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Real-Time-Data-In-Excel-Using-Sockets.zip

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Excel does support getting real time data into the worksheet with the RTD function, but this requires programming a COM server to which the RTD function communicates.

Power BI is able to make use of streaming data via API connections or PubNub, but what if I just want to pull some live data directly into my worksheet?

With PyXLL I can do just that. PyXLL is an add-in that allows you to write Python code and use the results in Excel. Not only can you pull in real time data, you can write your own functions, amongst other things, making use of the many Python libraries available.

PyXLL uses a class derived from RTD which when combined with your own Python code, allows you to stream real time data.

Before You Start

You will of course need an installation of Python on your PC that will be used by PyXLL in Excel. Download and install the latest version from here : Get Python - it's free!

Once that's done you can get PyXLL from here : PyXLL, which is available for a 30 day free trial, after that there is a charge for continuing to use it.

Real Time Data

The world is awash with mentions of IoT (Internet of Things) streaming data from devices like sensors that tell you the temperature of the water in your fish tank, to what your cows are doing.

If you had a stream of data from an IoT device you could certainly use the following method to read and present the data in Excel. But in this post I'm going to write code for two examples, the price of crypto currencies, and some random numbers from a web based random number generator.

API's

To get such information it can be made available by what's known as an API - application programming interface. Which is a way of asking for and getting some data from a program, website or some other similar service.

For the crypto currencies, CoinCap provide a simple API which gives you information including the price for the currency you specify.

If I want to get the price of Bitcoin all I need to do is visit https://coincap.io/page/BTC

If you click that link, rather than see a nicely laid out website, you'll just see a bunch of text like this

{"altCap":199266689173.458,"bitnodesCount":9960,"btcCap":127140496841.25,"btcPrice":7456.21,"dom":52.37,"totalCap":326407186014.7091,"volumeAlt":870559159.7352718,"volumeBtc":957025490.8778814,"volumeTotal":1827584650.6131513,"id":"BTC","type":"cmc","_id":"179bd7dc-72b3-4eee-b373-e719a9489ed9","price_btc":1,"price_eth":12.964822877478024,"price_ltc":63.283392645849474,"price_zec":27.135394004101762,"price_eur":6279.284343063262,"price_usd":7456.21,"market_cap":127140496841.25,"cap24hrChange":-5.47,"display_name":"Bitcoin","status":"available","supply":17051625,"volume":6331440000,"price":7456.21,"vwap_h24":7647.663539685362,"rank":1,"alt_name":"bitcoin"}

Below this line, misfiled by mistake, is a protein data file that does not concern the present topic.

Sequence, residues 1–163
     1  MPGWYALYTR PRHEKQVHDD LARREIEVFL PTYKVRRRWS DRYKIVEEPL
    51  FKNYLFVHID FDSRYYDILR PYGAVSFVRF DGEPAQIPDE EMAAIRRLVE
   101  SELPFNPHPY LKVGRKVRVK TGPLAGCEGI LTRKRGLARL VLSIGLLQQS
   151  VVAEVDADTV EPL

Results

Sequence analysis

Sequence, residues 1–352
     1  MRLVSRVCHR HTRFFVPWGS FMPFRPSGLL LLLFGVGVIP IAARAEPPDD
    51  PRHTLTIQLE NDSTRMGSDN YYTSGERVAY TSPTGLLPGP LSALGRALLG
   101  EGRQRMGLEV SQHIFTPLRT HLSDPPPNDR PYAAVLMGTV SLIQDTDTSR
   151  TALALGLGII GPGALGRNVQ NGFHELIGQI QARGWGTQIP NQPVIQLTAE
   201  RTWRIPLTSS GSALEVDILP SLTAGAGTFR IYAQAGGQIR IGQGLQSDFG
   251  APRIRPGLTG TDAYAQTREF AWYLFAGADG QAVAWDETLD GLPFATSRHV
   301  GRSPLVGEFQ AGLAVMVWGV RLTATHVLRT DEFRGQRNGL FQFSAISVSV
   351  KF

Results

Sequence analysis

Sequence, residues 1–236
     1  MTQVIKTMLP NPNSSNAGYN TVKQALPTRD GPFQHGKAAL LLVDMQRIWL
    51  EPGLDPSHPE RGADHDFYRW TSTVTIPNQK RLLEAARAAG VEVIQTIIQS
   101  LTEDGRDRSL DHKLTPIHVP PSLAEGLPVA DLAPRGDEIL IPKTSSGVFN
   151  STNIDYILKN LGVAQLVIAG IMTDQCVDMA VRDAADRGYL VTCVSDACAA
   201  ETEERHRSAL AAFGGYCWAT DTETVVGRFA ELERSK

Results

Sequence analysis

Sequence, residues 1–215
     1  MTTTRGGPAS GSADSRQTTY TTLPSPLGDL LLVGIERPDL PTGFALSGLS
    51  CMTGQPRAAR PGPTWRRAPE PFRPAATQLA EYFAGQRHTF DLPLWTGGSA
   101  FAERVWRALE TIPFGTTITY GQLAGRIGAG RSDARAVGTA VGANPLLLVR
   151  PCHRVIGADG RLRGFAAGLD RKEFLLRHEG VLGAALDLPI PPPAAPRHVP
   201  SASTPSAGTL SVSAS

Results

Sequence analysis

That's because the website is expecting to be sending the data back to a program so has formatted it into a JSON response the program can easily use. This is not meant for human eyes so isn't meant to look pretty. When we get this data we manipulate it in our Python code and return whatever we want to Excel, which in this case is the price.

If you want to you could make use of all the other information too but I just want the price for this example.

So by making a call to the CoinCap API for each currency I specify, it sends me the informaton related to that crypto currency.

It works the same way for the random number generator. My Python code makes a call to the random number generator at https://random.org, and the website sends me back a random integer.

Try it yourself https://www.random.org/integers/?num=1&min=1&max=99&col=1&base=10&format=plain&rnd=new

PyXLL RTD Class

By adding this RTD class into your code and modifying __thread_func to do the work of calling the API's and processing the result, we get our code to update our currency prices and random numbers in real time.

Crypto Currency Price Updates

    def __thread_func(self):
        while self.__running:
            # Setting 'value' on an RTD instance triggers an update in Excel
            try:
                opener = urllib.request.build_opener()
                opener.addheaders = [('User-Agent', 'Mozilla/5.0')]
                opener.addheaders = [('Cache-Control', 'max-age=0')]
                url = "https://coincap.io/page/%s" % self.__symbol
                response = opener.open(url)
                data = response.read()
                data = data.decode()

                # the returned data is in json format
                result = json.loads(data).get("price", "#NoLatestPrice")
            except Exception as e:
                result = e
            new_value = result
            if self.value != new_value:
                self.value = new_value
            time.sleep(3)

Random Number Generator

    def __thread_func(self):
        while self.__running:
            # Setting 'value' on an RTD instance triggers an update in Excel
            try:
                url = "https://www.random.org/integers/?num=1&min=1&max=99&col=1&base=10&format=plain&rnd=new"
                data = urllib.request.urlopen(url).read()
                result = data.decode()
            except Exception as e:
                result = e
            self.value = int(result)
            time.sleep(random.randrange(2,10))
Calling the Functions

By defining a function for both of these bits of code through PyXLL, Excel is able to access them like it would any other workbook function.

This will give you the price for the crypto currency specified by the 3 letter currency code (BTC = Bitcoin)

=coin_price_rtd("BTC")

You can pass in a cell reference rather than a string if you want to e.g.

=coin_price_rtd(A1)

Where A1 contains the 3 letter currency code.

This will generate random numbers and doesn't require any arguments